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  • The Verbal Tense System in Late Biblical Hebrew Prose by Ohad Cohen
  • Paul Korchin
THE VERBAL TENSE SYSTEM IN LATE BIBLICAL HEBREW PROSE. By Ohad Cohen. Trans. Avi Aronsky. HSS 63. Pp. xiv + 304. Winona Lake: Eisenbrauns, 2013. Cloth, $49.50.

Can the Biblical Hebrew verbal system(s) ever truly be solved? Centuries of philological laborings have yielded many insights into the structures and significations of individual verbal components—and yet the actual, precise workings of the system as a whole remain elusive. The functional categories of tense, aspect, and mood compose the trifecta around which most studies variously place their linguistic bets. Traditionally, a winner-take-all approach has been invoked: for example, Biblical Hebrew verbal morphologies must primarily signify aspect, or else they must chiefly convey tense. Yet greater appreciation has developed for less rigid and more nuanced models that aim to account for the complexities of Biblical Hebrew as we actually have it, rather than as we ideally wish it to be. Ohad Cohen’s monograph exhibits this kind of awareness throughout, as he endeavors methodically to describe and, where possible, to explain the forms and functions of Biblical Hebrew in its historically later permutations.

The inclusion of “Tense” in the title of the book is somewhat confusing, potentially leading the reader to expect that the author intends to proffer a mainly temporal (as opposed to aspectual and/or modal) analysis of Biblical Hebrew verbs. Yet in his opening paragraph, Cohen avers that “use of the term ‘tense,’ which appears in the title of this work, is a mere formality and carries no significance regarding the actual meaning of the verbal system” (p. 1). Such a formality would thus have been better avoided, given the highly loaded nature of this term for the discussions at hand. Cohen states that he will apply a structuralist methodology to his project—predicated upon classic (neo)-Saussurean oppositions between diachrony versus synchrony, langue versus parole, and paradigm versus syntagm—and in this approach he is commendably consistent (p. 1).

Critics who contend that structuralism is an overly rigid, unduly static, ultimately outmoded model for linguistics fail to grant due appreciation to its capacity for crafting productive descriptive analyses of language in terms of oppositions that can be predicated simultaneously upon multiple binarisms across numerous domains (cf. pp. 28–29). Indeed, structural opposition potentially even entails powerful explanatory capacities for language origins and usage, given the adaptive bilateral symmetric morphology of Homo sapiens that evolved in response to selective pressures within Hominin [sic] environments. [End Page 423]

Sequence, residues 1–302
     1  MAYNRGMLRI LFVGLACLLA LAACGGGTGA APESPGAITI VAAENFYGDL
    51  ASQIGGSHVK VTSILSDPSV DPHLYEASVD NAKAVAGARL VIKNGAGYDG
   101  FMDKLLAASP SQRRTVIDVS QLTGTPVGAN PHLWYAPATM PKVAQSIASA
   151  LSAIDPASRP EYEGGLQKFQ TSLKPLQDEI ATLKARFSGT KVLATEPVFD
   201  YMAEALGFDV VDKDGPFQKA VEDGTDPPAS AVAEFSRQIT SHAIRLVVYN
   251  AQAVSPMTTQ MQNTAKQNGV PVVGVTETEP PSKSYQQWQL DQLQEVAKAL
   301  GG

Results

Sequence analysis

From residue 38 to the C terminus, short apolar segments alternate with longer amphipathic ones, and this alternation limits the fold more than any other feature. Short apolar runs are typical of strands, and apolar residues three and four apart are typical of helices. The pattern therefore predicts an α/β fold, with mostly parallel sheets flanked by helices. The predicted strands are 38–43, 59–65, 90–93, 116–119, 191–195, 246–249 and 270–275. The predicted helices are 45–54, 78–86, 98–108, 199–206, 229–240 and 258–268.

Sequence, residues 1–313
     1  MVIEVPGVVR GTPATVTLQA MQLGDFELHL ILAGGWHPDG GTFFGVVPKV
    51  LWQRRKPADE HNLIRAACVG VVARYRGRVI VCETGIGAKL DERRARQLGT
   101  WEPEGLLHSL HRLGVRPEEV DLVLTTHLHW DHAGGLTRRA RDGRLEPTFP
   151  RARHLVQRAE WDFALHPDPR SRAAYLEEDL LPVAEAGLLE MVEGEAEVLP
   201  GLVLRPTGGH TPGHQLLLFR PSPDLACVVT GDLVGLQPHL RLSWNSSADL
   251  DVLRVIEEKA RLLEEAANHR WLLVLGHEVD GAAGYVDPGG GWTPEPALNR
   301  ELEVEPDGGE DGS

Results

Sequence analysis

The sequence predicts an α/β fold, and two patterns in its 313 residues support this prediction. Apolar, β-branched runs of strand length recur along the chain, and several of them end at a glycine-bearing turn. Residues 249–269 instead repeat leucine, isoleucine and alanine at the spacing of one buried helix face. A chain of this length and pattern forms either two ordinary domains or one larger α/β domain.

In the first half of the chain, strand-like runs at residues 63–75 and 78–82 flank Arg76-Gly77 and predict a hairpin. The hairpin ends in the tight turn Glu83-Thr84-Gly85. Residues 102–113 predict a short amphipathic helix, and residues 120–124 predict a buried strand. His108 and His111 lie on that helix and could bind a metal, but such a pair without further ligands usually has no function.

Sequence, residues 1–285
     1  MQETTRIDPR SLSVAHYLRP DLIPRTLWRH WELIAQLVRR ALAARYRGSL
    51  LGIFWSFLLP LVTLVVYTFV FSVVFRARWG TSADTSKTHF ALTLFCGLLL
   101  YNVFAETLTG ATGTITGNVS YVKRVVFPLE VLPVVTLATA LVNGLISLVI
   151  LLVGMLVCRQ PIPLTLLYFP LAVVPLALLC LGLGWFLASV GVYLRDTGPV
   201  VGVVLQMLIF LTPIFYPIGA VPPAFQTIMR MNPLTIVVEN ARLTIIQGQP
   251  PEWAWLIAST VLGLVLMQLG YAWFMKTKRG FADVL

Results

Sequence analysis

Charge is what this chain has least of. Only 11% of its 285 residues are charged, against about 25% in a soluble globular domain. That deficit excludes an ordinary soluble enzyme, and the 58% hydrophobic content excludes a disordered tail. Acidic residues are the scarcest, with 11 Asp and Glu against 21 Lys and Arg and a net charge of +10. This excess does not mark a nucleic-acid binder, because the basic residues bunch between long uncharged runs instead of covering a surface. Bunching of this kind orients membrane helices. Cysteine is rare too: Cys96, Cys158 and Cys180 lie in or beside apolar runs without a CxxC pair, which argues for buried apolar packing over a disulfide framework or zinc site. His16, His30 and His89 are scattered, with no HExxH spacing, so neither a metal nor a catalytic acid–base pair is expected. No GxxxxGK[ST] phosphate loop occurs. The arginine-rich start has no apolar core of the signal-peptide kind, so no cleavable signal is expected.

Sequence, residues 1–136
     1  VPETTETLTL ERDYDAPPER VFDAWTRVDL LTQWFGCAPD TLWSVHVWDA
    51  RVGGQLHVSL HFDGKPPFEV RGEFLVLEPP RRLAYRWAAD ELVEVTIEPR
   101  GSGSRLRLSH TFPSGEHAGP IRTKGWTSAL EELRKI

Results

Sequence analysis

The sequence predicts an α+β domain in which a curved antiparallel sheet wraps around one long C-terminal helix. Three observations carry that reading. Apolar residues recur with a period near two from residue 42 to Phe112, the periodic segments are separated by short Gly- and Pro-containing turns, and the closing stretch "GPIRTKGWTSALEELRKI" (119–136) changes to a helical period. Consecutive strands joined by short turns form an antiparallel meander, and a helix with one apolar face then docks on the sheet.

Cohen delineates his corpus of study by relying upon the tripartite historico-linguistic distinction between archaic, classical, and late (Second Temple) Biblical Hebrew (pp. 7–15). This yields him a database of Esther, Daniel, Ezra–Nehemiah, and (non-synoptic) Chronicles. He then proceeds to introduce the well-known 1947 model of Hans Reichenbach, which incorporated the notion of reference time (R)—and hence, relative tense—into linguistic relationships between speech time (S) and event time (E) (pp. 16–19). Cohen’s discussion of these potentially complex combinations is reasonably coherent, but his presentation suffers from periodic typographic errors (e.g., past perfect correctly as E - R - S [p. 16], then incorrectly as E - S - R [p. 19]), which render it frustratingly obtuse at times. Despite this, his provisional conclusion is important: “Hebrew verbs are indeed full-fledged relative forms, namely their distinct relationship to reference time is the only parameter for determining their chronological meaning” (p. 19).

The author then proceeds to discuss the Biblical Hebrew consecutive forms, where he adopts an eccentric component into his study: “one of the crucial features of a verb form that denotes succession is that it contains its own reference time [E, R], and it is this very trait which allows for the construction of the narrative succession” (p. 25). Cohen throughout adheres to this notion that Biblical Hebrew consecutive forms—originally wayyiqtol and weqatal, and later qatal and the infinitive absolute (see p. 78)—reset, each and every time, the given narrative’s referential clock, thereby constituting independent temporal frames that get joined in varying degrees of contiguity (pp. 77, 95–96, 114, 171–173, 195...


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